“Because there is no one else working in this function at SOK, my task is to see that S Group has the best tools and operating methods in use to ensure that loss management is implemented according to the objectives. I also constantly monitor loss risks and respond to them, as well as communicate this information to other parties at S Group.
“In this respect, LP is very much ‘business as usual’ as it is part of our management culture with loss prevention forming an integral part of our processes and responsibilities. Every member of staff and every department has something to do with preventing loss—it touches everyone.”
“The big project for us is introducing a dashboard approach across the supermarkets to familiarise the stores with the concept of total loss. We are also introducing an LP auditing tool to introduce best practice and benchmarking across the stores.
“Our challenges are very similar to those of other retail operators. External theft and challenging customer service situations occur daily at all our stores. From the point of view of loss management, there are differences between chains and stores because of the systems and operating models used, amongst other things. Challenges of balance management and practices of loss recording are examples of these.”
But compliance is only one issue for her and the project managers. Travelling organised crime—the kind spreading through much of Europe—has also reared its head in Finland, although not to the same extent as other western European countries.
“Although we do have problems with gangs, Finland is very safe, peaceful, and people live stable and prosperous lives, on average, compared to many western countries. We have been left aside from the larger scale of problems related to immigration and criminal gangs from Baltics and East Europe who have perhaps focused on countries with larger populations and local minorities, like Sweden.
“But it would be also true to add that professional crime has increased during the past few years in Finland as well. At S Group, it has become more visible, in particular, in the increased theft of cosmetics, hardware, and entertainment products. Typical of these thefts is the fact it is planned—prepared in advance by trying to find out the activities of the store staff and the operation of the security systems. Additional special characteristics are swift and efficient action, and when the crime takes place during opening hours, deceiving sales colleagues is common. Criminal gangs enter Finland from the Baltic countries and Poland in particular. We therefore engage in close cooperation with all retail businesses operating in Finland and the authorities to see what information we can share.”
The variety of different store formats and locations provides different challenges for the risk team, but the larger urban centres provide the largest headache, according to Flink.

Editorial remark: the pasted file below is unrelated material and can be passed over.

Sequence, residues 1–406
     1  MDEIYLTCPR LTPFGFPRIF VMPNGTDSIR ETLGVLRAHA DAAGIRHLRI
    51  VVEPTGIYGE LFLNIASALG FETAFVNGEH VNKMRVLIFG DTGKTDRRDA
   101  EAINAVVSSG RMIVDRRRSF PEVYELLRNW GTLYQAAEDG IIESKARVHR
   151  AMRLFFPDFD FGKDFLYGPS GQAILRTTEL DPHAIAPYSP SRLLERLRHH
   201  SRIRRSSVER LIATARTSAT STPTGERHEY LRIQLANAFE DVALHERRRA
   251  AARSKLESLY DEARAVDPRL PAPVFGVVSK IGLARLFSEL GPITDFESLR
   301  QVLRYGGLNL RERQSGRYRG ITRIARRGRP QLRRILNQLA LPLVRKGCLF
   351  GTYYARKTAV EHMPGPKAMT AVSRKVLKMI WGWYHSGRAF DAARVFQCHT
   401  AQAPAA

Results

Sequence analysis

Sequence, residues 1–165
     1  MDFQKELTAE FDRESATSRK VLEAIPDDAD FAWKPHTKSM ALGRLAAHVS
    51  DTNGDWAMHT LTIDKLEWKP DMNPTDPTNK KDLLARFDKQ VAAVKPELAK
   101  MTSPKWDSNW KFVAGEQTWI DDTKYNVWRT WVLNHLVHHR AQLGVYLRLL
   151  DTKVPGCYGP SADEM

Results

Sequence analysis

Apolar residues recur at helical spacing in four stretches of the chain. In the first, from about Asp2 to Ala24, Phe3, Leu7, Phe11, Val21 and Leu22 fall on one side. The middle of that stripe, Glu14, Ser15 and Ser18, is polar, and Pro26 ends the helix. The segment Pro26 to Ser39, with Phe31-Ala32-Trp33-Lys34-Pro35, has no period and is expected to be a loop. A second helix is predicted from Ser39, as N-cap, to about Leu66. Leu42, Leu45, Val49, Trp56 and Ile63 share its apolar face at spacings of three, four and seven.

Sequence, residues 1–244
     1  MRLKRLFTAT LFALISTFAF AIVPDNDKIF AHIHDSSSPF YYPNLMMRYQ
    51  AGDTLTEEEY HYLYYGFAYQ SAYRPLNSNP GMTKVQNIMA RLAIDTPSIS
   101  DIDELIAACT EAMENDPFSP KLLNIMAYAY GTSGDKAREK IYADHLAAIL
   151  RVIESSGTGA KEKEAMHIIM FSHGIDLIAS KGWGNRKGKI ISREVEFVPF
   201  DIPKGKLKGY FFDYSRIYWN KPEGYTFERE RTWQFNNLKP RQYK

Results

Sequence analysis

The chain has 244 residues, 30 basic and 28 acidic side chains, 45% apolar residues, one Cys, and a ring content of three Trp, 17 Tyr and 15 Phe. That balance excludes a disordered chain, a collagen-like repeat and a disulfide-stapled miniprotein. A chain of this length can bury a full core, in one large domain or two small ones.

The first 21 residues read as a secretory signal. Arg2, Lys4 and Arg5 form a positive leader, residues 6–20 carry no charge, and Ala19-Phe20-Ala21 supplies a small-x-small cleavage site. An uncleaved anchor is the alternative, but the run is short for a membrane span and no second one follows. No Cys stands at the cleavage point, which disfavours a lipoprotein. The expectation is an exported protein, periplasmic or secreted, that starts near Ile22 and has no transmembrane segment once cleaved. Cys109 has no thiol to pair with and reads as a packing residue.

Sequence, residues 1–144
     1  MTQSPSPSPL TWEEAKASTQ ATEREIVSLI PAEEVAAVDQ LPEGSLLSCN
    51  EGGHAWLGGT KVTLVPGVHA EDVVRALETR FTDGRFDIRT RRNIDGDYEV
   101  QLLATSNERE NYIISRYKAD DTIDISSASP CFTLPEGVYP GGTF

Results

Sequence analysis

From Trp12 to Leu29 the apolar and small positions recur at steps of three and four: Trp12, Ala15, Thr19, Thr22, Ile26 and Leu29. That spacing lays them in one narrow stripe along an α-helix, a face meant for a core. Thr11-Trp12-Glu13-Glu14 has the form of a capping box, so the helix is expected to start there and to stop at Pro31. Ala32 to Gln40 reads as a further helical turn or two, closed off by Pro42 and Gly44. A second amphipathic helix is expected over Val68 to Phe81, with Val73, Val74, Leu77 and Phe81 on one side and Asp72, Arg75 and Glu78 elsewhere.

“The regional cooperatives operate in different parts of Finland, meaning that we have stores in different kinds of areas: large cities, small towns, and in the countryside. From the point of view of loss management, the problems at different stores are of a very similar type. Simply put, it can be said that large cities have more problems with theft, whereas in the countryside, there are other challenges.”
In the larger stores, security staff are becoming the norm, so much so that they are looking to integrate other tasks into their daily roles, so they are more integrated into the team and not seen as external “muscle” on the door.
“We have full-time security guards in use at all our large units. In practice, this means our hypermarket and department store units. Lately, we have been developing our cooperation with security companies in the area of theft prevention. In addition, we are currently working on solutions for combining the work of a salesperson and a security guard in order to use guarding more efficiently.”
Crime and economic sharp practice, often generated by challenging fiscal measures, it could be argued, have encouraged greater opportunism, including increases in malicious slips and trips as Finland follows much of the rest of Europe and the US in creating a compensation culture, often built upon dishonesty.
“Yes, customer complaints concerning products and services have increased. All complaints are processed, and many of them are justified and lead to action. However, in some of the customer claims, it is apparent that gains are sought without real justification for the claim. Investigating these cases often takes time. Increasingly, attempts are being made to return stolen goods to us.”
And where do the Finnish Police sit in all of this uncertainty? SOK has developed a strong working relationship with law enforcement, but it is not without its own challenges, as Flink identifies.